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Unified Ad Buying, Podcasting, AI Are Talking Points For iHeart At Investor Conference.

With advertisers shifting from buying media in silos in favor of building out unified media planning and buying platforms that combine all of their media inputs together, media companies have followed suit. Speaking to investors at this week’s annual J.P. Morgan Global Technology, Media, and Communications Conference, iHeartMedia Chairman and CEO Bob Pittman said they are starting to see a payoff in investments made to construct a unified ad platform. “It's already beginning and it happens in stages and pieces,” he said.

To illustrate its success, Pittman compared the company’s revenue performance in the 2020 COVID ad downturn to that of first quarter 2023. “If you want some evidence of how that's helping us, our broadcast radio Multiplatform Group in the 2020 downturn was down 30%. In the first quarter it was down 7%.” Pittman noted the difference between iHeart’s ad performance and that of the big digital platform companies “was enormous in 2020 and very small in Q1. And I think that's an indication of the success.”

The more iHeart can make buying its broadcast inventory like digital inventory, the better off it will be to take advantage of the company’s scale and reach, Pittman said.

Digital revenues comprise 28% to 29% of iHeart’s revenue stream, President and COO Rich Bressler told the investor crowd. As evidence of how rapidly its Digital Audio Group has grown, Bressler said it accounted for just 7%-8% of revenue three to four years ago. He offered this as evidence that the company’s strategy is working. “Those are some proof points that we are reaching advertisers in the way they want to be reached,” Bressler said.

As some are asking whether podcast’s growth as a medium is beginning to slow because of maturation, Pittman thinks just the opposite is true in 2023. “To the contrary, podcasting has been the best performer of all media, and I don't see that slowing,” he said. “Everything's been compressed down as a result of the ad downturn, but nothing other than that seems to be affecting podcasting,” Pittman said. “You continue to see the audience grow, the interest grow, and the usage grow. Today there are more people listening to podcast than are watching or even subscribing to Netflix on a weekly basis.”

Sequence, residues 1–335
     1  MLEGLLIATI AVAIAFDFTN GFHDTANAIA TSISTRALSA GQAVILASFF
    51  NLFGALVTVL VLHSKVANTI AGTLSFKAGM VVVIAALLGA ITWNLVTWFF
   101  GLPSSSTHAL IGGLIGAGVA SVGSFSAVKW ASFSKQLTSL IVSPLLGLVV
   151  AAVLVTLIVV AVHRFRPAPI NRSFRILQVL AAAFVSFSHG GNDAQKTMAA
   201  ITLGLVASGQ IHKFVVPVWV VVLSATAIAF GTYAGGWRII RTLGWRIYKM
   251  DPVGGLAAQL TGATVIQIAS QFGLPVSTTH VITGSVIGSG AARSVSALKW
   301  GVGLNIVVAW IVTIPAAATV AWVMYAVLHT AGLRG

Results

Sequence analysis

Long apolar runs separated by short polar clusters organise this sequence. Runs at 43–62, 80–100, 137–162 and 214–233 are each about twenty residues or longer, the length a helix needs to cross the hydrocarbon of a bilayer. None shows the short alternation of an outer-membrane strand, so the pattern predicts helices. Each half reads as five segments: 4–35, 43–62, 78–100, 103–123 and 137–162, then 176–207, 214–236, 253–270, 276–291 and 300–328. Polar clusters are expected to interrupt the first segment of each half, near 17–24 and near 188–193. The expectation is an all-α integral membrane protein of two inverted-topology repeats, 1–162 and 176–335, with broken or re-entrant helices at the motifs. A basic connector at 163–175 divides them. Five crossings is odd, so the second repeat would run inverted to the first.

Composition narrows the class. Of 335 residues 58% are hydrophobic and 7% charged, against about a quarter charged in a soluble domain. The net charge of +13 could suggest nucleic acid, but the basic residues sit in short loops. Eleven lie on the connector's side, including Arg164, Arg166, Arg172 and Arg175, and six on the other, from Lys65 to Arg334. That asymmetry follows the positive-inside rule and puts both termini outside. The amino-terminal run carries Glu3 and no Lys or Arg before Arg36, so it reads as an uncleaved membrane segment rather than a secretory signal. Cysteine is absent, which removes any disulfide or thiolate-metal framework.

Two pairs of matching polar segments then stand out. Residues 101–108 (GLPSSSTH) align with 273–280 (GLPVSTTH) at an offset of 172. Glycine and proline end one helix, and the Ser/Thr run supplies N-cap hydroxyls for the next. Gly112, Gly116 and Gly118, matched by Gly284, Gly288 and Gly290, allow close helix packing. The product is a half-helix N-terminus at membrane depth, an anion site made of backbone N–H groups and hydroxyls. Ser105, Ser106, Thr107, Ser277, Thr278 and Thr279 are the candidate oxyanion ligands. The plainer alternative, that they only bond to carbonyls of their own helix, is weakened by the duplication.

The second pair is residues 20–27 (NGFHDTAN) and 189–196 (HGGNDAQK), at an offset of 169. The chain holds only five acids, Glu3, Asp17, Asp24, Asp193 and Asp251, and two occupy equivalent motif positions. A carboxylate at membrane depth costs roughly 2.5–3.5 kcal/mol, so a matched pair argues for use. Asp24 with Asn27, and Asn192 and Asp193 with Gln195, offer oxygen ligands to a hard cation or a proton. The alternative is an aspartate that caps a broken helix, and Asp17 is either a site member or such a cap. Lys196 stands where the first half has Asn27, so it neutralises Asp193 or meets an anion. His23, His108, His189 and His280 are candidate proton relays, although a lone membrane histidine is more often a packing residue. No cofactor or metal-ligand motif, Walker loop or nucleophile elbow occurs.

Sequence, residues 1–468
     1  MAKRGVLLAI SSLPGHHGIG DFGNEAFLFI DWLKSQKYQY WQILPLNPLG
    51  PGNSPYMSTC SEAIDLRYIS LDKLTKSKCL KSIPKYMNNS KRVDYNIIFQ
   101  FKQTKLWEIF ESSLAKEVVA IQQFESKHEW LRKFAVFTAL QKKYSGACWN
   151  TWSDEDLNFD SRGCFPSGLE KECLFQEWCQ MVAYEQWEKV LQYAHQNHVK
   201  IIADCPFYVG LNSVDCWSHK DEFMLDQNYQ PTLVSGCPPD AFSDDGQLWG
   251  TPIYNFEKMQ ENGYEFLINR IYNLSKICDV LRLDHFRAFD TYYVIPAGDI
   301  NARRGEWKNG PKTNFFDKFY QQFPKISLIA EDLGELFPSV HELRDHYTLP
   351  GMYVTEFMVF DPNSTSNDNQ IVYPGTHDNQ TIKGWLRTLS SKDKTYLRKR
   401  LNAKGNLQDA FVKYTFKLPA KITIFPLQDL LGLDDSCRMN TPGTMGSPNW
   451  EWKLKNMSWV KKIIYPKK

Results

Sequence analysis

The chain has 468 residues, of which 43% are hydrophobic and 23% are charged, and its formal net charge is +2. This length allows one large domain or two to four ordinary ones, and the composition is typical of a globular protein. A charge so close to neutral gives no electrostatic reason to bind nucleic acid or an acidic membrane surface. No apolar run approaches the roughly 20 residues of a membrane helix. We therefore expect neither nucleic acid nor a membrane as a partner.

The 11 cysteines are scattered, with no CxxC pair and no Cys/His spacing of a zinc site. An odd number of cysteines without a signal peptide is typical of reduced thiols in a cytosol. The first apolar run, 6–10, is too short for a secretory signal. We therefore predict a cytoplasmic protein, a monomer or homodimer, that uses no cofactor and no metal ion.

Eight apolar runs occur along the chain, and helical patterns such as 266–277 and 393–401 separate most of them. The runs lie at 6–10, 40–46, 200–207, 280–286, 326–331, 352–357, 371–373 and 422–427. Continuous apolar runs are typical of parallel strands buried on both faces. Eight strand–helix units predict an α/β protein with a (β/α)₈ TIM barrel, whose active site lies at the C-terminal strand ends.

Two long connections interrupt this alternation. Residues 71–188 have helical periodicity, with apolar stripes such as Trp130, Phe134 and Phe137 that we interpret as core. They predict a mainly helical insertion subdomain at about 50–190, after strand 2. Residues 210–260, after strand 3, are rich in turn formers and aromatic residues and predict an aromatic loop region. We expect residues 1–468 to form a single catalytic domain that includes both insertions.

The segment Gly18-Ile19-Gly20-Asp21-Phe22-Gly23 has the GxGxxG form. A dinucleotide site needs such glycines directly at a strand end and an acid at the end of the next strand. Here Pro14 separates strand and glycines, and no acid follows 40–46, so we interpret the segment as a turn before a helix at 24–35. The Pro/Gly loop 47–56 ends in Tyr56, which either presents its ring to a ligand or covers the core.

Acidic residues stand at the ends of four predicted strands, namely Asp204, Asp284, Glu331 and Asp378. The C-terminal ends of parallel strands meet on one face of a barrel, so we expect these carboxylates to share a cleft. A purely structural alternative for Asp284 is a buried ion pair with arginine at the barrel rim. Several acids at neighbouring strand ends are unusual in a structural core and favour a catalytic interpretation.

Meanwhile, the company’s Multiplatform Group, made up of 860 radio stations and assorted networks, reaches 90% of the U.S., Pittman said, with minimal audience overlap with its growing podcasting business. “Our podcasting provides fresh customers,” Pittman said. “So if we can deliver that reach at a better price than they're getting elsewhere, that's the double win for the advertisers. And I think they're all moving in that direction in one form or another.”

Asked what the company sees on the horizon over the next 12-24 months, Pittman answered, “Recovery, recovery, recovery! We suffer on the way down because so much of our business, almost all of it, is ad-supported. And we have leverage. On the way up, both of those turn into assets for us. So we are looking forward to the recovery and obviously preparing for it, and building the leanest organization we can to take full advantage of that increased revenue.”

By this time next year, iHeart and other media companies will be benefitting from robust political ad spend. In the 2022 mid-term elections, iHeart booked $170 million in political ad revenue, a record high for the company.

One area the company is investing in is artificial intelligence, which Pitman said they see as a way to trade off the tedious tasks like music scheduling on their radio stations to computers while leaving more strategic decisions to their employees. Since it began doing that, its radio stations have seen ratings jump 10% to 15% while costs have come down, Pittman said. “We see the opportunity to use the technology to have a tremendous benefit to this company over both the short and long haul,” Pittman said.

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